Page last updated at 02:47 GMT, Wednesday, 10 June 2009 03:47 UK

HP test mobile social network

Friendlee
The network runs on Windows Mobile and Google Android handsets

An intelligent, mobile-phone-based social network is being tested by researchers at Hewlett Packard.

Friendlee analyses calls and messages to build up a picture of a person's closest correspondents.

Regular contacts are displayed more prominently so that users do not have to wade through a phonebook to find them.

The system also analyses which firms a person uses to generate recommendations to other people in their network.

"It builds a network of people that you communicate with," explained Bernardo Huberman, director of the social computing lab at the firm's Palo Alto research centre.

"If you stop communicating with those people or you begin to communicate [with them] less they keep dropping down to the bottom of your list."

The application is currently undergoing laboratory testing before it is shown off at the Mobile HCI conference in Bonn, Germany, in September.

'Intimate network'

It has been developed, in part, as a response to research done by HP into how people use social networks.

Last year, for example, Professor Huberman's group analysed the relationships on Twitter.

"We were able to tease out information from the service," explained Professor Huberman.

The idea of a social network that deals with reciprocity - I call you, you call me, we interact and so on - is much more meaningful than a listing like your whole Rolodex of everyone you've ever met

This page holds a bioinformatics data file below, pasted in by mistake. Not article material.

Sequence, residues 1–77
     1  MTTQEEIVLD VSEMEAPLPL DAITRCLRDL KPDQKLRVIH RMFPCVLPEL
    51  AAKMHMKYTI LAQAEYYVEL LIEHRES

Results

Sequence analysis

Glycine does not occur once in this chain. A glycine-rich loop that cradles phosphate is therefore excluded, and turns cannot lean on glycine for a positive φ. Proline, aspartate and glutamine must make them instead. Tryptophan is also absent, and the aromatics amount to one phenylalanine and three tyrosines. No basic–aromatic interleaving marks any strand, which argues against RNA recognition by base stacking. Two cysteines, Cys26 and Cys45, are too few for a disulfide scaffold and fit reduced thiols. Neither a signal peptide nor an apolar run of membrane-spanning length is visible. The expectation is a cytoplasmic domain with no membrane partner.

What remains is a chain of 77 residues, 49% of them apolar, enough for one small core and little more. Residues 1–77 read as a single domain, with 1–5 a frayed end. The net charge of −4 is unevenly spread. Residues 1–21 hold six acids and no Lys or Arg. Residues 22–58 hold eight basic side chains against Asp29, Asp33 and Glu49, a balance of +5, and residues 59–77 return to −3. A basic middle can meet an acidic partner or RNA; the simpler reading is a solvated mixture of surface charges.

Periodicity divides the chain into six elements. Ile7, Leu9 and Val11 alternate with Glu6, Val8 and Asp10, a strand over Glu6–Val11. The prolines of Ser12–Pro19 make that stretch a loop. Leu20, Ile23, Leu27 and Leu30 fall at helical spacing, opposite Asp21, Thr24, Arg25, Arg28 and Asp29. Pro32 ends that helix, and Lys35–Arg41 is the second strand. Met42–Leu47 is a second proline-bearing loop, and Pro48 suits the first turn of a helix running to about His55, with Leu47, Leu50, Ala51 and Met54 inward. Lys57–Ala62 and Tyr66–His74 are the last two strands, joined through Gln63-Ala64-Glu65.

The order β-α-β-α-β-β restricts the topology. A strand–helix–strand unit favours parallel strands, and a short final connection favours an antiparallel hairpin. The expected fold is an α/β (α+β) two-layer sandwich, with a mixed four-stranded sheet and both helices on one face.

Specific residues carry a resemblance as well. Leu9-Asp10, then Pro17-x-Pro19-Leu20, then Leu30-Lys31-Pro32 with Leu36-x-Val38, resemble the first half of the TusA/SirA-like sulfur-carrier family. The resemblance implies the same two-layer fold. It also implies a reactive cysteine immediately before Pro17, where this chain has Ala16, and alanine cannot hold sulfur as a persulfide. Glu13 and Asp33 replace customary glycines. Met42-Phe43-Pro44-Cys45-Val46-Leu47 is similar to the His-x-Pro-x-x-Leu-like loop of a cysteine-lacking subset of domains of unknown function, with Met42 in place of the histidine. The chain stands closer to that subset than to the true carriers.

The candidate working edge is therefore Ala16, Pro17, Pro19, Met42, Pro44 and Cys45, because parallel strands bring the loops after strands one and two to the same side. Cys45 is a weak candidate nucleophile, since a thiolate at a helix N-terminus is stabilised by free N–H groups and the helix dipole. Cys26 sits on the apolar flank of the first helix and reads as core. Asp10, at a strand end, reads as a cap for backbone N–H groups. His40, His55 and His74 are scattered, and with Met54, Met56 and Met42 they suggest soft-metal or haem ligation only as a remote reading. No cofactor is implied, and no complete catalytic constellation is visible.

Bernardo Huberman

It concluded that many relationships on Twitter were "meaningless from an interaction point of view."

"A link between any two people does not necessarily imply an interaction between them," the team wrote.

Instead, most people using the service tend to interact with very few people, even though they may follow many.

Studies of Facebook and YouTube show a similar pattern, he said.

"Social networks that truly matter - those ones where you are actually communicated in a human sense - happen to be much smaller than the circle of followers," said Professor Huberman.

Friendlee has been created to address this issue.

It constructs what the researchers call an "intimate social network".

"The idea of a social network that deals with reciprocity - I call you, you call me, we interact and so on - is much more meaningful than a listing like your whole Rolodex of everyone you've ever met," explained Professor Huberman.

The application constructs the list by analysing the user's call and messaging history to identify the people they are closest to.

"By using phone conversations as an indicator of close social interaction, Friendlee trims the user's large casual social network into a core intimate one," the researchers wrote in the paper to be presented in Bonn.

The system also contains functions similar to services such as Google Latitude and BrightKite that allow a user to share their whereabouts with friends. However, Friendlee will also share other "situational data", such as local time and weather, as well as allowing people to browse the friend lists of close connections.

Another function trawls phone records to draw up a list of preferred businesses, which can also be shared with friends.

"Close friends and colleagues remain among our most influential sources of practical advice and recommendations about services, such as health insurance and restaurants, as well as about people, in both social and professional," the researchers write.

Users will be able to control which of their friends has access to different information.

The applications currently runs on both Windows Mobile and Google Android handsets. A prototype for Blackberry users was also been shown off at the Wireless Enterprise Symposium in May.

"We can make it run on anything," said Professor Huberman.

The application will be shown off at the Mobile HCI conference in Bonn, Germany between 15-18 September.

It has been developed by Professor Huberman along with Anupriya Ankolekar and Gabor Szabo.



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